• Efficiency – Hiring good lawyers, like hiring good developers, will never be cheap. It’s a basic law of markets that top talent requires top compensation. That being said, there are a lot of ways that founders can ensure that their legal budget is paying for great lawyers and not for expenses/overhead that isn’t actually resulting in better value.

Efficiency is typically the main reason startups avoid, or stop using, very large firms with billing rates 4-5x of what top lawyers require in compensation. See: How Startups Burn Money on Startup Lawyers

  • Responsiveness – This usually comes last because many founders have, through frustrating past interactions with the legal profession, come to the conclusion that ‘dealing’ with lawyers inevitably involves long wait times. Sort of how I brace myself every time I have to enter a specialist doctor’s office, because I know a 9:30 appointment, which was scheduled weeks ahead of time, usually means actually being seen around 11.

Send your lawyer an e-mail and expect a response in 3-4 days, if he’s not too busy. That’s just what it takes to work with good lawyers when you’re a small startup with a modest legal budget, right? The big fish have their attention most of the time, so just get in line… It doesn’t really need to be this way. Understanding 3 concepts related to lawyer economics will help you avoid this scenario:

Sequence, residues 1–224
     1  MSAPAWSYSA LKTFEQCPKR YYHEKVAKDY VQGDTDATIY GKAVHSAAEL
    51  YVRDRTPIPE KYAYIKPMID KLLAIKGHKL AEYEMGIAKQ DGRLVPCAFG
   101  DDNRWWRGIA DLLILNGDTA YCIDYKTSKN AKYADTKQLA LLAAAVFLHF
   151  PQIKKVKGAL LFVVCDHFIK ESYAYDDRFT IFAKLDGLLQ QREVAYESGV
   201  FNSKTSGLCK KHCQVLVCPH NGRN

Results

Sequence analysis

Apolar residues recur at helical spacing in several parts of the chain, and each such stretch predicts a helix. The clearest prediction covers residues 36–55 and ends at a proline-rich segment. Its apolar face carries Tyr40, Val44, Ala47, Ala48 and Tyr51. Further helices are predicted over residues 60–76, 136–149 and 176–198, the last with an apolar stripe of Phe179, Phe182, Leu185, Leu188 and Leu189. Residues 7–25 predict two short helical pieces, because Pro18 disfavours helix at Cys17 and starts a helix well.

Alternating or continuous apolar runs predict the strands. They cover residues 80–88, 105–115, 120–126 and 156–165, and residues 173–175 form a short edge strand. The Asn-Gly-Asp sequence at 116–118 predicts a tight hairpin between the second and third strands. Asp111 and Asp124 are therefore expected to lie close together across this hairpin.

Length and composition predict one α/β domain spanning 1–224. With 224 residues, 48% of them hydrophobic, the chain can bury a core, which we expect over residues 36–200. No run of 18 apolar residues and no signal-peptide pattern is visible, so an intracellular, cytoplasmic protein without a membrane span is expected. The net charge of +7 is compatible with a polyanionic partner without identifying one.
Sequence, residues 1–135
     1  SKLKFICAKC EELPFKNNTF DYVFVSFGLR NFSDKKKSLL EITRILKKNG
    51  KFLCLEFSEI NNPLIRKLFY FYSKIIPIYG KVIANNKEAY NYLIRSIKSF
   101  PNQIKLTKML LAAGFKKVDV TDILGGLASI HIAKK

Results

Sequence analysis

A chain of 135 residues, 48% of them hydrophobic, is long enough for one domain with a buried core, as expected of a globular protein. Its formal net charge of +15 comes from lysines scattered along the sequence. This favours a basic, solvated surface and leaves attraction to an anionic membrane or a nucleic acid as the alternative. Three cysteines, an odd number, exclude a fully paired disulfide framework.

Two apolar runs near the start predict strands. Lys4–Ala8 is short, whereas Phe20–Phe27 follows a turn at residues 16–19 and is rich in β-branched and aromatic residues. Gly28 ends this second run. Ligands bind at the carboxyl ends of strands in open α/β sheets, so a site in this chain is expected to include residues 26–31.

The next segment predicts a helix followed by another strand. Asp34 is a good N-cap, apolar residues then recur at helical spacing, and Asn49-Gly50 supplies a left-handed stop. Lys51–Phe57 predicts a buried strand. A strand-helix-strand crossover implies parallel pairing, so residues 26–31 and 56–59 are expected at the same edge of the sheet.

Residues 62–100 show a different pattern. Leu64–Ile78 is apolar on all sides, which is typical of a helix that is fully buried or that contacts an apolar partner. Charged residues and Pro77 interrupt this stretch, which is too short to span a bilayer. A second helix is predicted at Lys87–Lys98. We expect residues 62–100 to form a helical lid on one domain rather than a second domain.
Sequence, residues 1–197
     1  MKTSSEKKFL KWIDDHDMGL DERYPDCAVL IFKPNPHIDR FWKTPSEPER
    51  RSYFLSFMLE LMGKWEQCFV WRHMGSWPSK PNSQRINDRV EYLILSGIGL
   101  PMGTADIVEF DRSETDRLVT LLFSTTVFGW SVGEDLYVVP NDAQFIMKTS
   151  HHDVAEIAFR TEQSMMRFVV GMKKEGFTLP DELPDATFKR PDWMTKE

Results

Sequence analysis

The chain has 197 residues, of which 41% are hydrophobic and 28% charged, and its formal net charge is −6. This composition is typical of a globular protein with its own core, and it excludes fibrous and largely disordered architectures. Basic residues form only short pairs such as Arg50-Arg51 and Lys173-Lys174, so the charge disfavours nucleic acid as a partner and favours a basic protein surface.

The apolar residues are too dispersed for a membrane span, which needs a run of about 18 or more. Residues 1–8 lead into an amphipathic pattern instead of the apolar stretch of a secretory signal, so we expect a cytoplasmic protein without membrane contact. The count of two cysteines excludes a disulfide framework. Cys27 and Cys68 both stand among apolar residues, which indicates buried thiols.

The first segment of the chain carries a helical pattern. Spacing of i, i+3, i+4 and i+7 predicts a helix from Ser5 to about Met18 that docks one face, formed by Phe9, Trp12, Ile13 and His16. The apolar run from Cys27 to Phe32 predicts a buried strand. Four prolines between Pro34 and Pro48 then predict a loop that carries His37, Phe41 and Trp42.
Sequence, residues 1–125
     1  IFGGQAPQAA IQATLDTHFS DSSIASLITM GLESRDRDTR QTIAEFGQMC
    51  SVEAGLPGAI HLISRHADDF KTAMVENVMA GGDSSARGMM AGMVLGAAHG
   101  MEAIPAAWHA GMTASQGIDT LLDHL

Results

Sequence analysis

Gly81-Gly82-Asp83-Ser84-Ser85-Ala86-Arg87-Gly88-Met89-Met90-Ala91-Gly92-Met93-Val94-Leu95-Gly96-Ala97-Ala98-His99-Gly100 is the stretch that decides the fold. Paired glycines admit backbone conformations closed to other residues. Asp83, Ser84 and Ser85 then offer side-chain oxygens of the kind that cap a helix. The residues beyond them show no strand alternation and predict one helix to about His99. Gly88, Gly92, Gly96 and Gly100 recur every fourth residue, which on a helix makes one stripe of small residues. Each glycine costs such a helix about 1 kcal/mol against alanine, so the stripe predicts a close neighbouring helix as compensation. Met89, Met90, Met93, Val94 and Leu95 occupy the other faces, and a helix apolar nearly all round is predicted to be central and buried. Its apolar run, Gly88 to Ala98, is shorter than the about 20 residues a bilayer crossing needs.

1. Appreciate institutional bandwidth – and why, for speed, firms > solos. 

If recruiting and motivating top lawyers requires competitive compensation, then with basic math you’ll see why great lawyers who work with early-stage startups must work with many startups, not just yours, to get paid. Good startup lawyers are busy people, because maintaining a strong portfolio of work allows a lawyer to get paid well without burdening any particular company with an excessively large bill.

However, while a solo lawyer who is very busy will have only one thing to tell her client when they need something done quickly – “wait” – lawyers in firms have institutional bandwidth. If I’m busy, and I often am, I have other lawyers (and staff) in my firm who can be assigned to keep work moving. Properly run law firms know how to manage bandwidth and ensure that work is “spread” throughout their roster, without a loss in quality. This allows great lawyers to stay busy (required for compensation), without burdening clients with ridiculous wait times.